You can start by planning on what kind of dedication and money you have.
    Rather then waste many years trying to make a car that might crash one day, here is what I recommend.

    1 Start with the Toyota MR2 mid engine car as a donor

    2 Find its 3D model and play with it in Sketchup (free)
    3 Design your car on paper
    4 Find car designs that share the same panels as your car design (Being the year 2012, almost ever car design feature could be found on some car)
    5 Now you have to mimic your car design by importing 3d models of other car designs... dissect their panels and fuse them into one using Sketchup and place it over the MR2 model
    *note if you cant get it perfect, once the design is in foam, you can use clay, sanding, and other way to make it like you want. The Mr2 can also be stretched and made wide with a suspension package to suit most designs.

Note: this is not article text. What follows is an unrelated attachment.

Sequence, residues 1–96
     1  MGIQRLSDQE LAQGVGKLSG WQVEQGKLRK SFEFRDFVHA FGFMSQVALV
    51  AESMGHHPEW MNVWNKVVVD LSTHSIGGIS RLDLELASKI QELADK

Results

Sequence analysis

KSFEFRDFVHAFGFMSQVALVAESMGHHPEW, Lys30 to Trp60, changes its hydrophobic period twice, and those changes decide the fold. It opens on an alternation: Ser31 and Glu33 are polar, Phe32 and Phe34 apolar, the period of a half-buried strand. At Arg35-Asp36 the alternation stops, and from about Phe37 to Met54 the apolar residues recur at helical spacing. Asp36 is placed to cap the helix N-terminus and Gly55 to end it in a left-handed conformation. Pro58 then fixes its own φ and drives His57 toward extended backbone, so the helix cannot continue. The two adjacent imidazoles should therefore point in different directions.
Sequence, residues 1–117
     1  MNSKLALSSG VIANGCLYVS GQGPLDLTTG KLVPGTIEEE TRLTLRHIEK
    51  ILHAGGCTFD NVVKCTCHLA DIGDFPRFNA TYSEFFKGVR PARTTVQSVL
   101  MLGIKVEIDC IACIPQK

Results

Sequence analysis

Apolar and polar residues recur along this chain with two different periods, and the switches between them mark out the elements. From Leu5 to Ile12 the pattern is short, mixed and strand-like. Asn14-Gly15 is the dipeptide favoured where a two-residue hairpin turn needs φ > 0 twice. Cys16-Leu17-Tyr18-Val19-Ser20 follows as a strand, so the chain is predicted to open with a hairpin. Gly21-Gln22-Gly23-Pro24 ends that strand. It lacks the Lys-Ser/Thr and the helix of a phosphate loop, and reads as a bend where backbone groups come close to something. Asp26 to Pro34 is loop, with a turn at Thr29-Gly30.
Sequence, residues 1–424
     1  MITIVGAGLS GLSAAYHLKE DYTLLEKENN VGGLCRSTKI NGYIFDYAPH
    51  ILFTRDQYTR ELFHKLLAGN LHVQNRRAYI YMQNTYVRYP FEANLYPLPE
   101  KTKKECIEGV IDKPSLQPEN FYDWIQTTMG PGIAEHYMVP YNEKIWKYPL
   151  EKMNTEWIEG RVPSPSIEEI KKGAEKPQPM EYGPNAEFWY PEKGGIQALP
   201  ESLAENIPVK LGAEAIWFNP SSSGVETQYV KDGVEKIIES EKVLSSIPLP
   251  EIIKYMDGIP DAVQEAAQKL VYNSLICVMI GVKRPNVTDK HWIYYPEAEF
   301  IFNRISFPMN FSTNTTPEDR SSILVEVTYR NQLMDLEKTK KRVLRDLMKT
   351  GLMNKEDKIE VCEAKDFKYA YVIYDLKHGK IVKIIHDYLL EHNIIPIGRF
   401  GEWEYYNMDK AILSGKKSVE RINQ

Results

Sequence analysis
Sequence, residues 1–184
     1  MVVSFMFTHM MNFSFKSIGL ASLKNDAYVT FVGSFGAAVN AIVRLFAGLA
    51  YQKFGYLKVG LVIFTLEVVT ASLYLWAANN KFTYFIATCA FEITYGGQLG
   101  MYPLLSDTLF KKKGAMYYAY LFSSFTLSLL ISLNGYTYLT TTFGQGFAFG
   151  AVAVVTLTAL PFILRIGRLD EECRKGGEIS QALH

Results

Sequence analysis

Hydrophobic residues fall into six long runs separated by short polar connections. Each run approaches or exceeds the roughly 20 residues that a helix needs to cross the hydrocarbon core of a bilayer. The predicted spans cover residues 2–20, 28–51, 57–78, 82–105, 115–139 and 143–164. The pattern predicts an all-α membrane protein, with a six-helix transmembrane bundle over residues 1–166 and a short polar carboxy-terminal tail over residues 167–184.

6 depending on your budget make a homemade CNC machine, order a kit, or contract a hobby member from CNCzone.com to carve your design on foam.
    7 Use plastic vacuum forming or fiberglass to create your panels from the foam kit

    8 Bolt on panels over MR2
    9...
    10 Profit

    This is a rough sample of my work using the same sketchup technique and Deep Exploration 6 to render it.
    http://i.imgur.com/X03LF.jpg it will be made to fit over the Nissan 300zx car
    Last edited by ArashB; 01-31-2012 at 04:09 AM.

  3. #3
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    Wow, didn't expect a such a good answer this fast!